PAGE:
Thursday, 3 January 2013

A lovely day at the park

Today Jellybean went back to preschool for his first day back after the Christmas break. 

I thought it would be nice, when I went to pick him up, to take Midget Gem and Duke along so we could all go for a run around the park and a quick play in the playground after school to burn off some energy and build up a nice big appetite for dinner. 

As I was pushing Jellybean on a swing, with Midget Gem climbing on something or other behind me, another Mum came into the park with her two daughters, and as one ran off to join Midget Gem climbing on something or other behind me she lifted the other into the swing beside us. 

As she started swinging I did my usual pondering about whether it's weird to introduce myself to a stranger in the playground, and what one ought to say to break the ice. 

Jellybean decided to break the ice for me. 

"Mummy, when you push me forwards it tickles under my willy, and it grows bigger bigger biggest!"

Thanks, Jellybean. 


The obvious candidates for listing here are always in my mind, not just for new year, the eat less, booze less, move more, go outside more kinds of resolutions. I make those most weekends, and somehow remain a little overweight and slightly hungover of a Sunday. (And Saturday. And Monday. And occasionally Thursday. Or just days with a y in.)

So I won't bore you with those. I'll only break them, like we all do, and quietly berate myself and pretend there's all the time in the world to get thin and magically earn myself a six pack.

Instead what I have decided to attempt is being a better person. Bear (bare?) with me. 

I am irritable. I am short tempered. I am tired, grouchy, weary, I snap, I bark, I snarl. I am, generally, not that much fun to be around. Not CONSTANTLY, but way too often compared to the times that I'm, you know, nice. 

I try to make up for it by cleaning the floors, reading stories, baking nice things, but I still lose my rag more than a normal human should, and it isn't fair. 

So my resolution is to pause. I will stop myself, take a deep breath, possibly six or seven. I will close my eyes for a second and hold in whatever I was about to say, and I will take those few seconds to think "is this worth it".

Is it worth saying something snappy, and hurting someone's feelings, just to vent my own irritation? Is it worth falling out or argueing over something petty? Is it worth that moment of temper, for the longer moments of not being friends immediately after?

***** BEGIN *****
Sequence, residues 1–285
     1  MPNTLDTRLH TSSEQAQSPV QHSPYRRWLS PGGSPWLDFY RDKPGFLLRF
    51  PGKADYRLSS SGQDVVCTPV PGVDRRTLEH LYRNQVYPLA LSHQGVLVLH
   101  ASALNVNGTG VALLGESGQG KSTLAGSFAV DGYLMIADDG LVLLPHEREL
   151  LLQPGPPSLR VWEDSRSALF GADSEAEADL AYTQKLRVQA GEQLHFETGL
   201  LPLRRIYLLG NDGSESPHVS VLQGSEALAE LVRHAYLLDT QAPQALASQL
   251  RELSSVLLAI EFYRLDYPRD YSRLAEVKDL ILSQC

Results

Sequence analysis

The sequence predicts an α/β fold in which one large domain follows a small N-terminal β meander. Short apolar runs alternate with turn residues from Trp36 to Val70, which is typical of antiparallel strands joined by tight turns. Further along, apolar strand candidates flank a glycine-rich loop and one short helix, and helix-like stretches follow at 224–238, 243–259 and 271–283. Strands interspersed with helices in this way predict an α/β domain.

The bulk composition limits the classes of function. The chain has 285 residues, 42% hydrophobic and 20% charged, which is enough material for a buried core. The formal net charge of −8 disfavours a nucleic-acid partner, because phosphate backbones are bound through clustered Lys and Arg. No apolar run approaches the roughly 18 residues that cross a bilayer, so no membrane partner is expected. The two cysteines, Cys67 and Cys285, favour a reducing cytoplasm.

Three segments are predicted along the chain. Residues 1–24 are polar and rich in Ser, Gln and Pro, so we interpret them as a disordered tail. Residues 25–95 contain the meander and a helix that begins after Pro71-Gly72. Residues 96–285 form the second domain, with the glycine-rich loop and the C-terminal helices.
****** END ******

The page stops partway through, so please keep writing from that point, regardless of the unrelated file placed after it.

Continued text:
Not worth it. 

If something is bothering me, snapping about it isn't a good way to get a better result - and this is something I try to teach the children: tantrums do not get us nice things. I need to remember that too! 

Instead I try to teach them to stay calm, not shout, use whole sentences and ask nicely. How can I expect them to do that if I don't set them the right example, though? 

So rather than shouting about mess all over the kitchen floor I should take my moment, then ask someone to help me by cleaning up their mess, or to please go somewhere else so that I can do it. 

I shouldn't snarl, or bark, or shout. I should TAKE A MOMENT, and stay calm, that way things get done more quickly, everyone does those things together, and we all have a better day.

That is my resolution. Just be a nicer person. Learn from the lessons I try to teach the boys. Be calmer. 

Let's see how well I do!

Wednesday, 2 January 2013

Grantham gingers

I was going to attach a picture to this post of LOADS of delicious biscuits - but I looked away briefly and this is the sole survivor of the batch - which is good going, because this recipe makes 60 biscuits! 

When I was little my Mama (who I blogged about on Monday) used to make these biscuits - and I called them ginger Granthams, which always made her laugh. One year for my birthday all I wanted was my own batch of these, and she gave me a huge ice cream tub stuffed with my very own Grantham gingers, which I didn't even have to share. I did though. I'm nice like that. 


450g caster sugar
225g butter
1 egg, beaten
450g plain flour
1/2 tsp bicarbonate of soda
1 tsp baking powder
1 tsp ground ginger
approx 1" ginger root, grated finely


Cream the sugar with the butter until it looks light and fluffy. Beat in the egg with a spoonful of flour (this will stop the egg curdling the butter) then slowly sift in the flour, bicarb, baking powder and ground ginger. 

Fold it all together then fold in the grated ginger root (this is optional, really, but I LIKE ginger, so I add it in for extra oomph and sticky ginger bits when it's baked).

Make the dough into small balls (teaspoon sized balls, spoon some out and roll it nicely round) and drop onto a non-stick baking tray. I strongly recommend those magic brown re-usable greaseproof baking sheets for this. 

Bake at 150c in batches (I can fit 20 at a time on a tray so it took three batches) for around 20 minutes until they're light brown. 

Let them cool completely before you eat them. They should be hollow with a nice, sticky, slightly gooey middle. Extra good dunked in tea or coffee. The outside is very crispy, and overall these might just be the greatest biscuit of all time. Apart from possibly Grasmere gingerbread. Which I'll blog about later this week!